Reproduction, Life, and Futurity in the Humanities/ ACLA March 29 - April 1, 2012
This seminar for the 2012 American Comparative Literature Association Conference examines how reproductive politics function in connection to the three conference themes of collapse, catastrophe, and change. These themes and their implicit concerns with reproduction and futurity—with what happens after the disaster—are part of what we see as a current focus on biopolitics and "the politics of life" in the Humanities. We seek to discuss the reproductive dimensions of this focus by asking if there are ways to reconfigure present life politics so that they no longer solely privilege the human, and to unbind them from an obsessive focus on futurity.
We welcome papers from diverse disciplinary and theoretical backgrounds that discuss how text, art, film, literature and philosophy can help us answer questions such as: How are fears about political collapse, catastrophe and change connected to, configured by, and imaginably dealt with via narratives dealing with reproduction? How are reproductive biopolitics, and the politics of the present, connected to literary discourse? Is it possible to imagine concepts like "humanity" or "community" without appealing to notions of futurity? What does it mean to posit the biological as a solution to the political? And, can we imagine reproduction, and the idea of "life itself," without relying on "prolife" concepts that fixate on what is to come next for us—for humans?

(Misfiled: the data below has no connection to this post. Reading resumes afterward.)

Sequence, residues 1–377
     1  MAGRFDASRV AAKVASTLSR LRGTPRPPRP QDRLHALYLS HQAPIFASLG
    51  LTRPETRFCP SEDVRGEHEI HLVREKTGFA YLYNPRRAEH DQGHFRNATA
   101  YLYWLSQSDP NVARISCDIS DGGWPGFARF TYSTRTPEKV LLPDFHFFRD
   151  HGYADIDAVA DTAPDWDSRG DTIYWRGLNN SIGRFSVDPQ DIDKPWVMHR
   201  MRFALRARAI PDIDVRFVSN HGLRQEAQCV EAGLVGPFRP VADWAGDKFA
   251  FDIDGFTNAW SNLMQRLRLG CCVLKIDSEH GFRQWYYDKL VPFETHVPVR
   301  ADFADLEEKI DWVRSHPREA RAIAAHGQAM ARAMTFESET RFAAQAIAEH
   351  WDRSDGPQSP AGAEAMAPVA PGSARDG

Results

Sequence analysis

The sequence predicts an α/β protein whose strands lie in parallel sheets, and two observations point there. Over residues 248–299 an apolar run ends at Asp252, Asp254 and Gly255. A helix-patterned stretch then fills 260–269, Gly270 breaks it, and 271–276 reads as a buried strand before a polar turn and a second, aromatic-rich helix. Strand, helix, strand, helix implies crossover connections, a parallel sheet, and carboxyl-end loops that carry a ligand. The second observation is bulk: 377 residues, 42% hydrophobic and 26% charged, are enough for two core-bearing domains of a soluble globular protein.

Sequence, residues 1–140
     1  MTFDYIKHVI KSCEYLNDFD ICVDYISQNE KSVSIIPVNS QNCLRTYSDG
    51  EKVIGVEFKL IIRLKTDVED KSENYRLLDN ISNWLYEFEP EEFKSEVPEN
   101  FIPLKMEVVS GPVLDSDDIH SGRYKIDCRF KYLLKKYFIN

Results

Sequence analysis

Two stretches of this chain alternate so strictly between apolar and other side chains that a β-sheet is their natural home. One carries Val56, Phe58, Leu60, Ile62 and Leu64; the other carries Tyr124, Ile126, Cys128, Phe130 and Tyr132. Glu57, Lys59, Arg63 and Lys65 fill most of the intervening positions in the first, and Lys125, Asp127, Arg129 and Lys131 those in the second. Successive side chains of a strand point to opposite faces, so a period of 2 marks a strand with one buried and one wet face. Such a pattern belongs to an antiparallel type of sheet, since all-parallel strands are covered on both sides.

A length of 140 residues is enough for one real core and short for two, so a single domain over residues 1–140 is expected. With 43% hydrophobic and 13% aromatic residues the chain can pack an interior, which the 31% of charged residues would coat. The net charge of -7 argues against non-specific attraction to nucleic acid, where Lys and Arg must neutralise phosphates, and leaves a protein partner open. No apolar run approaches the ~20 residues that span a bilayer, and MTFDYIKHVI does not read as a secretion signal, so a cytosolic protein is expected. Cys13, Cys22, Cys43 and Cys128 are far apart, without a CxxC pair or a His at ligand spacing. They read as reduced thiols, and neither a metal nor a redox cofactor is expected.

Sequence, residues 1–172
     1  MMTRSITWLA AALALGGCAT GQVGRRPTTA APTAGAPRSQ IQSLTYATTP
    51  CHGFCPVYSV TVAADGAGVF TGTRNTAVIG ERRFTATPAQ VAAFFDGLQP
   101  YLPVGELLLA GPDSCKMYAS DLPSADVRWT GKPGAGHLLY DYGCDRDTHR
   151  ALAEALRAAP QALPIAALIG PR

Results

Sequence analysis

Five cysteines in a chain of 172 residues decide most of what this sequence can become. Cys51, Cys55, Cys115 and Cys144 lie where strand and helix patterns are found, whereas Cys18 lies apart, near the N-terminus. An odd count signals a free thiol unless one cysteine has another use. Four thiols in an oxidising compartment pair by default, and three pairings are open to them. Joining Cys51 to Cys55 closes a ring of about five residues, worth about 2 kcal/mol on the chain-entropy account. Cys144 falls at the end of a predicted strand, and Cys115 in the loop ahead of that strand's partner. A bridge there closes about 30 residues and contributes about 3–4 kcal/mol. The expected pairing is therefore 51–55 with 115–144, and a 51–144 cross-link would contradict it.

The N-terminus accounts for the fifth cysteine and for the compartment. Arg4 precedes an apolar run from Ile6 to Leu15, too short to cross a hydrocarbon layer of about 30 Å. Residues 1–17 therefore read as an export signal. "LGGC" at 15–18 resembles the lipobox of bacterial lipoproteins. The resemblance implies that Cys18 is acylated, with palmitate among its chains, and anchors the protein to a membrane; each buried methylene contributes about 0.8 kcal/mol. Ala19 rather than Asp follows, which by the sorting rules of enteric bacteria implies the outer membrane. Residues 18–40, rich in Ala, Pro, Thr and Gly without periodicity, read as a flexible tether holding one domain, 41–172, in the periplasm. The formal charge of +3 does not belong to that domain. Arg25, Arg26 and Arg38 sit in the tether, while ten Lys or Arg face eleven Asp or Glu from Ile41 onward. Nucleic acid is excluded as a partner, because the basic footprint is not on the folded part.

Alongside papers that focus on reproductive rights, fiction and film, futurism and biopolitics, other areas of interest include reproductive dystopias, embodiment, queer politics, ecology, science fiction, and modern/postmodern thought.
Please email abstracts to firstname.lastname@example.org and Heather Latimer at email@example.com, as well as submitting directly to the conference website (http://www.acla.org/submit/index.php) by November 15, 2011.